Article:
Valery Gergiev, an ally of Putin, was removed from the position of command chief in Munich

Valery Gergiev, an ally of Putin, was removed from the position of command chief in Munich



Valery Gergiev, a Russian conductor and a prominent supporter of Russian President Vladimir Putin, was sacked Tuesday from his position as principal conductor of the Munich Philharmonic Orchestra after he refused to denounce Putin’s invasion of Ukraine.

Russian actress Anna Netrebko, one of the world’s biggest opera stars, saw her upcoming engagements with the Bavarian State Opera. canceledThe Zurich Opera House announced that it has withdrawn from its upcoming performances there. She also has relations with Mr. Putin, and she was once in the picture It bears the flag used by some Russian-backed separatist groups in Ukraine.

Dieter Reiter, the mayor of Munich, announced his decision regarding Mr. Gergiev and the Munich Philharmonic Orchestra in a press release saying that termination of the contract was the only option available.

Gergiev’s sudden dismissal, three years before his contract expired, was the biggest setback yet for the train conductor, who had been the target of widespread anger and condemnation in recent days for his long record of support for Mr. Putin and his policies.

Munich officials said Mr. Gergiev, who has served as mall commander since 2015, failed to respond to a request on Friday by Mr. Reiter to condemn Mr Putin’s “brutal war of aggression” by Monday or be fired.

The press release stated that “with immediate effect, there will be no further concerts by the Munich Philharmonic Orchestra” under the direction of Mr. Gergiev.

“I would have expected him to reconsider and revise his very positive assessment of the Russian leader. He did not,” Mr. Reiter said in his statement.

Mr. Gergiev did not immediately respond to a request for comment on Tuesday.

The director of the Zurich Opera House, Andreas Homoki, noted that Ms. Netrebko issued a statement at the weekend saying she was against the war.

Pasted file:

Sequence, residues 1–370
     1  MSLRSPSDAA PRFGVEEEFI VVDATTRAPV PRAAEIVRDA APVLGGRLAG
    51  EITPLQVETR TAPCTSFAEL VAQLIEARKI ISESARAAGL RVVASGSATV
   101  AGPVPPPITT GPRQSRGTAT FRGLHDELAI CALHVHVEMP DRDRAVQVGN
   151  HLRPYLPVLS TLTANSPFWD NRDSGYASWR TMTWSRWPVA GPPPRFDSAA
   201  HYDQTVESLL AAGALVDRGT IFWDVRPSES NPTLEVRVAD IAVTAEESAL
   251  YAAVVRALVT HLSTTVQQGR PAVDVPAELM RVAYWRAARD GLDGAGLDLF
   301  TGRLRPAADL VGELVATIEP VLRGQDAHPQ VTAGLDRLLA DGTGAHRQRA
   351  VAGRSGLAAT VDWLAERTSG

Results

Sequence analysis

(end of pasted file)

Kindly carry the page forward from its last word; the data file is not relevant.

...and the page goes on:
“We view this statement as a positive development, and note that she cannot distance herself from Vladimir Putin,” Homoki said in the statement. “In principle, we do not consider it appropriate to judge the decisions and actions of citizens of oppressive regimes based on the perspective of those who live in a Western European democracy.”

But he noted that the opera house’s “decisive condemnation” of Mr Putin and his actions “did not correspond to the general position of Anna Netrebko”.

He said that Ms. Netrebko had decided not to sing at upcoming shows, and that she released a statement saying, “This is not the time to play music and perform. So I’ve decided to step back from performing for now. It’s a very difficult decision for me, but I know my fans will understand and respect that decision.” .

After the cancellation was announced on Tuesday, Ms Netrebko posted a photo on Instagram About herself with Mr. Gergiev smiling after a concert.

Fast-developing events have shown how quickly art organizations around the world have moved into close ties with Russia’s most prominent cultural ambassadors since Mr. Putin’s invasion began on Thursday.